Previous to FY2018, local authorities have had two annual reporting requirements to the Georgia Department of Community Affairs – 1) Authority Registration; and 2) the Report of Authority Finance, due on two different timelines. During the 2018 legislative session, HB257 passed overwhelmingly in both chambers of the Georgia General Assembly and was signed into law by Governor Deal on May 3, 2018. This bill combines these two into a single report on one timeline.
Beginning with FY2018, these two separate reporting requirements are now a single filing - the Annual Authority Registration and Financials, or AARF - due within six months of the end of your authority's fiscal year.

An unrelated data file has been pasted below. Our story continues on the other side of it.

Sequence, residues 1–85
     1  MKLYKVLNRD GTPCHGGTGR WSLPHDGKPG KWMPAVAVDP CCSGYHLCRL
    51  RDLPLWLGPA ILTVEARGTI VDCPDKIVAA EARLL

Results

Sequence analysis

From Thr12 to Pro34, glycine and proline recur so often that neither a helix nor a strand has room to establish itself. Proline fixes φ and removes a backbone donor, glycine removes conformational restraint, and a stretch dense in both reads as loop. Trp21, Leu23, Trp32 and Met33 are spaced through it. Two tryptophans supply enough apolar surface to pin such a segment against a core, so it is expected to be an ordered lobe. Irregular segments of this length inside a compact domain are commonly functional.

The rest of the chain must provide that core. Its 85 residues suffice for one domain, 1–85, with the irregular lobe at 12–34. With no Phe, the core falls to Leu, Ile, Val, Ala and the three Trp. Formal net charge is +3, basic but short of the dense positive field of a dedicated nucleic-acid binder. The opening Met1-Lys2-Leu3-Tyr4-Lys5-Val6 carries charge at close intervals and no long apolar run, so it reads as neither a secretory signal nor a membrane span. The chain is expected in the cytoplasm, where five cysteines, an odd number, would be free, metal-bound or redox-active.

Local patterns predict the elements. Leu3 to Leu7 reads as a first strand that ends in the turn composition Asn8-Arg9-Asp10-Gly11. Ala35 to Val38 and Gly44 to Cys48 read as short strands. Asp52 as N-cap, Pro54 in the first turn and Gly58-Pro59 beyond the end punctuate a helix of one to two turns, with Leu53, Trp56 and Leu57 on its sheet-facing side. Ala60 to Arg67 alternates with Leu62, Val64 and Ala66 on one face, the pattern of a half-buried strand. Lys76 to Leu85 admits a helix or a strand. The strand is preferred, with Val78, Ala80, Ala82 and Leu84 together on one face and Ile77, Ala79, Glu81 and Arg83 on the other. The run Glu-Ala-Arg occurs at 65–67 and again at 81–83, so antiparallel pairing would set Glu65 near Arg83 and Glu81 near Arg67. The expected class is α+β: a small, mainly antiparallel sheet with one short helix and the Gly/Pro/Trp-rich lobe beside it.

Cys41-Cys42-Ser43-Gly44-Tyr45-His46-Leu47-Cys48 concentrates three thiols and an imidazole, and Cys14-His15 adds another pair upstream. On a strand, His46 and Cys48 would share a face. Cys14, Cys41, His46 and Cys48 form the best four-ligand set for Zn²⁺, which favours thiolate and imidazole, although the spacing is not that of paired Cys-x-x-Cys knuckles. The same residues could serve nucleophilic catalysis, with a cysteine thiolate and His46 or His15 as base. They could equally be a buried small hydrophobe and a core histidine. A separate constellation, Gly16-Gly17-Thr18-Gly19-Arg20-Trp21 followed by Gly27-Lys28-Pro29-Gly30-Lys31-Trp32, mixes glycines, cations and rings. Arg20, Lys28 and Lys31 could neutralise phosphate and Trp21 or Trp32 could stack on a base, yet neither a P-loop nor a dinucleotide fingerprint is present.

Method Of Creation
Under Georgia Statute, local government authorities can be created in three ways: by general enabling act, local laws, and Constitutional Amendments. There are 11 types of authorities that can be created through a general enabling act:
- Development Authority
- Downtown Development Authority
- Hospital Authority
- Housing Authority
- Joint Development Authority
- Recreation Authority
- Regional Industrial Development Authorities
- Regional Jail Authority
- Regional Solid Waste Management Authority
- Residential Care Facilities for the Elderly Authority
- Resource Recovery Development Authority
- Urban Residential Finance Authority (municipalities over 350,000)
Cities or counties are authorized to create authorities through general enabling legislation by passing an ordinance or resolution. The majority of authorities registered with DCA fall within this category.
Other authorities are formed under local law, to create a single, unique local government authority. Some authorities are created through this means even if there is a general enabling statute available. For example, several development and downtown development authorities were created under local law rather than general enabling statute.